Perreault Oedipus Storyboard D Period

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  • Hamartia
  • Thebes
  • Hubris
  • "Not twice you shall say calumnies and stay unpunished! [...] Out of my house at once!" (417-504).
  • "I say you are the murder of the king whose murderer you seek [...] with those you love best you live in foulest shame" (415-423).
  • Peripeteia
  • "I beg you-do not hunt this out-I beg you, if you have any care for your own life" (1207).
  • "Polybus was no kin to you in blood [...] no more than I but just so much" (1147).
  • Oedipus' fatal flaw is his anger because it is what ultimately leads to him killing his father in road rage, starting his downfall. 
  • Anagnorisis
  • "If you are the man he says you are, you're bred to misery" (1362). 
  • Oedipus' hubris causes him to continuously deny his role in killing Laius, even though he knows the story sounds similar to his road rage encounter. He refuses to listen to multiple prophecies and accusations that he was involved. 
  • Catastrophe
  • Cithaeron
  • A messenger comes to Thebes with multiple pieces of news for Oedipus: Polybus has died, Oedipus is now the ruler in Corinth, and Polybus was not his real father. This news surprises Oedipus, but he does not yet realize the full truth. He is now more determined to find out more about his family, despite Jocasta's disapproval.
  • Catharsis
  • Oedipus realizes the truth about his parents from the messenger. It is at this point when he realizes that the prophecies were true, and he did indeed kill his father and marry his mother even though he tried to avoid this fate.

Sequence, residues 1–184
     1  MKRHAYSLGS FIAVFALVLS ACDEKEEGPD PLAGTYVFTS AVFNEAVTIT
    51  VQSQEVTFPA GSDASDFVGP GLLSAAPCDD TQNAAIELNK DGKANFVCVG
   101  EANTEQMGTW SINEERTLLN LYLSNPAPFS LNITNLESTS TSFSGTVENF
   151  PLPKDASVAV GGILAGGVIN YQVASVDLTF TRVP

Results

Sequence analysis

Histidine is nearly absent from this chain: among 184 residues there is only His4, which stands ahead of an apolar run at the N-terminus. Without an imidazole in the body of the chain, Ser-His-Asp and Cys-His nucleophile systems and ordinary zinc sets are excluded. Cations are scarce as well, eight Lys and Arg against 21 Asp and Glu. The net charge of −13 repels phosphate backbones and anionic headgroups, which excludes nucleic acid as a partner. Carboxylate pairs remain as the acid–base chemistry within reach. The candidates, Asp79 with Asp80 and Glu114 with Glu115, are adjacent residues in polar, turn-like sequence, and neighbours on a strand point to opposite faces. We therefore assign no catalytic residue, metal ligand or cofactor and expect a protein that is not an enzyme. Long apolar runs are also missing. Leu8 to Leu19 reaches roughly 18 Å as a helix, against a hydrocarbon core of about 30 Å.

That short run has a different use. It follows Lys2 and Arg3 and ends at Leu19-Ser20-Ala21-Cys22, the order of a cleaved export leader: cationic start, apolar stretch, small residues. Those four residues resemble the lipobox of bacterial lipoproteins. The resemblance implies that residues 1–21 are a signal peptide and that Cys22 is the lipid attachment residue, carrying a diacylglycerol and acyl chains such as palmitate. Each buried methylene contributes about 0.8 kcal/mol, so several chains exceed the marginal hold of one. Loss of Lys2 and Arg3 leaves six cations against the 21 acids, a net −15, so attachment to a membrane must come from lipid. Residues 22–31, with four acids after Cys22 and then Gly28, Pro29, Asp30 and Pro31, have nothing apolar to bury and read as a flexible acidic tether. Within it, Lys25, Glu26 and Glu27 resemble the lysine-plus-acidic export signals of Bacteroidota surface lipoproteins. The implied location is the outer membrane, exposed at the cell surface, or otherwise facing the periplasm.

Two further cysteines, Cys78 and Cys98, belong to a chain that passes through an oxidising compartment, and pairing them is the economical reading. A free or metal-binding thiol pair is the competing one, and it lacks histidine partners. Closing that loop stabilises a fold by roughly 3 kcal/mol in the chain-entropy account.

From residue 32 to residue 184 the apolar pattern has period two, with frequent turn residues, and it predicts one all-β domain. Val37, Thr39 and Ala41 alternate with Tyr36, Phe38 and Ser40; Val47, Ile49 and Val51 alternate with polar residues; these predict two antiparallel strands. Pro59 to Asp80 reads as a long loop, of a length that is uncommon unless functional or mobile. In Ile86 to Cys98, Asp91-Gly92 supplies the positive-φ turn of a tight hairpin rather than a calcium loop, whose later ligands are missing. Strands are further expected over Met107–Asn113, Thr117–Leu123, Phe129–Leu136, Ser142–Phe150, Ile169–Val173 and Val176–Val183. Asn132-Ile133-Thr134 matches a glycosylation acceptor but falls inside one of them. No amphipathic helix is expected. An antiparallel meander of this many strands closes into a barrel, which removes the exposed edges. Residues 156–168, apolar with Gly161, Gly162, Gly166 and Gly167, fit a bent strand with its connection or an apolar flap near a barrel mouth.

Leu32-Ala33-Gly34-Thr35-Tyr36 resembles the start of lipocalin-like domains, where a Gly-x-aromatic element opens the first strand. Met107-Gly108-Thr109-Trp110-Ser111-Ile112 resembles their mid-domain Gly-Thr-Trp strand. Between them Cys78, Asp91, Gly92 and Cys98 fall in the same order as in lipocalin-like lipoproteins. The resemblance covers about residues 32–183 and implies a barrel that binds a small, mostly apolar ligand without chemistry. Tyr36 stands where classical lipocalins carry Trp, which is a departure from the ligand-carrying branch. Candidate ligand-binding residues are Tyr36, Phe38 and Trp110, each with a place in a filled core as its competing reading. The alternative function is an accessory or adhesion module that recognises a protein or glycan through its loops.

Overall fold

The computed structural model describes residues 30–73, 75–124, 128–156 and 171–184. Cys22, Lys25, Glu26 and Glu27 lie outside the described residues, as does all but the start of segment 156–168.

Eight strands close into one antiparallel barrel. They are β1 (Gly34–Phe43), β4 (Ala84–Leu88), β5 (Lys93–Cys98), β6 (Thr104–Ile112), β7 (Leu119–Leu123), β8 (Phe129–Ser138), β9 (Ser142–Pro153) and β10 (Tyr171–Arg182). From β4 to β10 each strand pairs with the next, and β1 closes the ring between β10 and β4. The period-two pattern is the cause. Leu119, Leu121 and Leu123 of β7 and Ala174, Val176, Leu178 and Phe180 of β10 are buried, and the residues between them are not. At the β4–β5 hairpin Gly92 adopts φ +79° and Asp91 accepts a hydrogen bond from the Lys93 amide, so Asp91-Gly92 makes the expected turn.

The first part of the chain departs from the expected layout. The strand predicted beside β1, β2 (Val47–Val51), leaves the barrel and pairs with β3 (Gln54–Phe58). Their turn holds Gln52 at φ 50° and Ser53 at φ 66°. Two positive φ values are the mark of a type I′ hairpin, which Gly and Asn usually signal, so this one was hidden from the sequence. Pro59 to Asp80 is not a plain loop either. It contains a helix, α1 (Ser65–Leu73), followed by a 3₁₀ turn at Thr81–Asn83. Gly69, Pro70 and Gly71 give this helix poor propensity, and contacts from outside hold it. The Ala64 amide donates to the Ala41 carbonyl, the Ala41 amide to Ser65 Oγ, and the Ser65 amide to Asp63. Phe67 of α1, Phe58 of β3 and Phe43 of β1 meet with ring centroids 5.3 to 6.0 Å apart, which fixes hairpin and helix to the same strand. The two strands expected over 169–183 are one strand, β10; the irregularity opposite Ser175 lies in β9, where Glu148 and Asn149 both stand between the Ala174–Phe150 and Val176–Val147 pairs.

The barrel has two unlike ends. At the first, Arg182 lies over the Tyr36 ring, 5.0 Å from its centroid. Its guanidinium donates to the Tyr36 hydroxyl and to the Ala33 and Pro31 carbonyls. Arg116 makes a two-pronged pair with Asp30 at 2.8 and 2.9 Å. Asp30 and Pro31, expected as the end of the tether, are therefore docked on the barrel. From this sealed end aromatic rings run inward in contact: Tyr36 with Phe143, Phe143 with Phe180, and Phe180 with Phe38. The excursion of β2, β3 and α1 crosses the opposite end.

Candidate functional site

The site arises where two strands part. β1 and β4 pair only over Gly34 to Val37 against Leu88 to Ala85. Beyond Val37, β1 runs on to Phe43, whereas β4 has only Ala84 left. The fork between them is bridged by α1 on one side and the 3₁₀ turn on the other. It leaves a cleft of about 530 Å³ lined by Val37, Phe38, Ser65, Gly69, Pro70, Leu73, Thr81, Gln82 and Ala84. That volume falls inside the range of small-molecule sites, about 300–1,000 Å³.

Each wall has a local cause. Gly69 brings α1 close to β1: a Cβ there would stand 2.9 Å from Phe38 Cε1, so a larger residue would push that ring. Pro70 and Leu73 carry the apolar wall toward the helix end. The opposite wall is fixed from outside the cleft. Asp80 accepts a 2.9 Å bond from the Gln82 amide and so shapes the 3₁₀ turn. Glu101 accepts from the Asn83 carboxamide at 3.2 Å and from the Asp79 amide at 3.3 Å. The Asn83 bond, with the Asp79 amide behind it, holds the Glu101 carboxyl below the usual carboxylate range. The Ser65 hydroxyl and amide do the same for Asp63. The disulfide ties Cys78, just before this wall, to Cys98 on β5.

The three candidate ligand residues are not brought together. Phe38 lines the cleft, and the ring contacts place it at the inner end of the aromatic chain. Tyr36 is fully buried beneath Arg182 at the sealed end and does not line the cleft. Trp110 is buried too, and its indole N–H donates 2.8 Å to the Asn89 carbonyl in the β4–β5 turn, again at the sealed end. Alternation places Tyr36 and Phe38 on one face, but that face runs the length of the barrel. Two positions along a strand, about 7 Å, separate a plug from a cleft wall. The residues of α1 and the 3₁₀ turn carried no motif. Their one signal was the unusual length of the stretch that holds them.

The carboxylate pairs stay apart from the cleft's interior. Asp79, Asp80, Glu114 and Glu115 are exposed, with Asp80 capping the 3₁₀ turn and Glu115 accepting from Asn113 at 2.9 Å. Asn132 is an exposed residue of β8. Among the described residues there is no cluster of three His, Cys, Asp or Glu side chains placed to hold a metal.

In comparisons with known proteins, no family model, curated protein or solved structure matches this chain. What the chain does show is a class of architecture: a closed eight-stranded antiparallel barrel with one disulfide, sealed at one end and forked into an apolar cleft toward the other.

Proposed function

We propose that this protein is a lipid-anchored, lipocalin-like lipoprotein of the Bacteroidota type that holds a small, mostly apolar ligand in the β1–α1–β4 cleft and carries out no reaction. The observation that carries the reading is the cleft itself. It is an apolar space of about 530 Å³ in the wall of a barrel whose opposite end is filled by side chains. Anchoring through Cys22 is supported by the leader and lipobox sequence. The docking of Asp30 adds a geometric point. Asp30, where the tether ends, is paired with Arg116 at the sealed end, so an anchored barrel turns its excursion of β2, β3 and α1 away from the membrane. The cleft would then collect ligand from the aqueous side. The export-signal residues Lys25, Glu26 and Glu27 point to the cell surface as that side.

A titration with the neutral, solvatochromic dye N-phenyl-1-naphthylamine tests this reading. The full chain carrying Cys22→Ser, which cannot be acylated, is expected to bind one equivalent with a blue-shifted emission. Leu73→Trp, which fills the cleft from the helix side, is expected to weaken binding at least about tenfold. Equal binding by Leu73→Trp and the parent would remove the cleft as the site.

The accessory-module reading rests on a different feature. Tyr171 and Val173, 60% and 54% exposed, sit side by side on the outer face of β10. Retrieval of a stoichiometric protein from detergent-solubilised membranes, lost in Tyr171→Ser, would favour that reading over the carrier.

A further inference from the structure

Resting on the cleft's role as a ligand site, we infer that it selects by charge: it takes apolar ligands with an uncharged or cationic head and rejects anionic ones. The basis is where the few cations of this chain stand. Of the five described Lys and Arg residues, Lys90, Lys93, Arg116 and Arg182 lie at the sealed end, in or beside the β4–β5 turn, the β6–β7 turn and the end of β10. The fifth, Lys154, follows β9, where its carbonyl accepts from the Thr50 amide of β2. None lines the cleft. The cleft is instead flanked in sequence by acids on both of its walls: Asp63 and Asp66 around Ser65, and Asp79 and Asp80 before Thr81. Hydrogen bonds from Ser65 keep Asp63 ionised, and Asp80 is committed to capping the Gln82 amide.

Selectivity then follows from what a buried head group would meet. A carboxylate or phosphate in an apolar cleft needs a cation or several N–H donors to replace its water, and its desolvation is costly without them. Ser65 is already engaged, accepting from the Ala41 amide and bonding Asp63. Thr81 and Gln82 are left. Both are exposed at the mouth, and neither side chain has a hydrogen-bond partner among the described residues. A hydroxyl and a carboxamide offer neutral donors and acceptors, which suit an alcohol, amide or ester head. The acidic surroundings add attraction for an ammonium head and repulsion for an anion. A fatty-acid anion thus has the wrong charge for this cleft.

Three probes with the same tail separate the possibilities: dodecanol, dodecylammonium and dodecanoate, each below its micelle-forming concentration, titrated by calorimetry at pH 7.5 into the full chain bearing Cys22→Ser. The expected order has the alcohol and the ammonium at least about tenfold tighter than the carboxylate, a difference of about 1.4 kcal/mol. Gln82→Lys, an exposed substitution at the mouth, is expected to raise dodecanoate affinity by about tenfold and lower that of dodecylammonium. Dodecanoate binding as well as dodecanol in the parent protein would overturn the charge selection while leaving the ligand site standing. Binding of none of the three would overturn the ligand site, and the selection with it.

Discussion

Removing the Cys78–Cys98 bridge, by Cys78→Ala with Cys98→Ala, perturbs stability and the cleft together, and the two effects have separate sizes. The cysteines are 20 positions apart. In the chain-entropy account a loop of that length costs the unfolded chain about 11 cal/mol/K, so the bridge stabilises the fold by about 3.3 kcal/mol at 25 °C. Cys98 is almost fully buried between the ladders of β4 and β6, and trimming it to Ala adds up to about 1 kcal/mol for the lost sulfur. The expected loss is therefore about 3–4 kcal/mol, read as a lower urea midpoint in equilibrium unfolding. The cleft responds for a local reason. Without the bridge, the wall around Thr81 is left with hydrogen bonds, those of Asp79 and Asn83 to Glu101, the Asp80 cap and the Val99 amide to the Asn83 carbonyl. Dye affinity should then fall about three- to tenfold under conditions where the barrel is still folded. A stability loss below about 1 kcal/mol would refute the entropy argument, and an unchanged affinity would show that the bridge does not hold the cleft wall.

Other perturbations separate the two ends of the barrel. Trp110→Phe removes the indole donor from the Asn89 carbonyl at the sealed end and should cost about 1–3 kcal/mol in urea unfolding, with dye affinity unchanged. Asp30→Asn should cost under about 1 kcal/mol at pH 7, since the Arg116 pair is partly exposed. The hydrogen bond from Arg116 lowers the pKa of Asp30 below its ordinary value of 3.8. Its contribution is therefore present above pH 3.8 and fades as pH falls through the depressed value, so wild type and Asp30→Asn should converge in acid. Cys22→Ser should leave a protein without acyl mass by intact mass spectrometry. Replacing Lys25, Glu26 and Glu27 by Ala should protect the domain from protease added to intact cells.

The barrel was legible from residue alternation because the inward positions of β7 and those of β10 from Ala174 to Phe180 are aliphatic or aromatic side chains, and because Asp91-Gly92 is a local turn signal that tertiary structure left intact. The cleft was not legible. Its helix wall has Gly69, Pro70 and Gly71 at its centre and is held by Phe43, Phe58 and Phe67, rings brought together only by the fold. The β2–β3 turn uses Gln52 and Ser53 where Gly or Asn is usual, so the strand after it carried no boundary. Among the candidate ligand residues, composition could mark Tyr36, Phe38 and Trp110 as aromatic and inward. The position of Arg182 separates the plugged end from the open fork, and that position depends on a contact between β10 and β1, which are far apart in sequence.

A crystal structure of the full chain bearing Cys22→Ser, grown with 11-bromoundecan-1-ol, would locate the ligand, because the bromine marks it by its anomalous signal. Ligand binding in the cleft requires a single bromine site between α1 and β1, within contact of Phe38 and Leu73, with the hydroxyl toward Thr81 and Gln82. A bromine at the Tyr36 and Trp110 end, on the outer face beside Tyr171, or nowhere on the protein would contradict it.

• "O, O, O, they will all come, all come out clearly! Light of the sun, let me look upon you no more after today!" (1363-1365).
  • Oedipus' ultimate downfall is when he realizes that the prophecies were true. He finds Jocasta dead from suicide and stabs his eyes out of frustration, making himself blind. He then banishes himself from Thebes for the benefit of the city.
  • "Take me away, my friends, the greatly miserable, the most accursed, whom God too hates above all men on earth!" (1527-1529).
  • With Oedipus' banishment, Thebes will soon be cured of the plagues, and Oedipus' children are entrusted to Creon. However, the tragedy could have been prevented if Oedipus was told he was adopted from the start, as it may have stopped him from leaving Corinth and starting his downfall.
  • "Drive me from here with all the speed you can to where I may not hear a human voice [...] Leave me live in the mountains where Cithaeron is [...] so I may die by their decree" (1616-1640)
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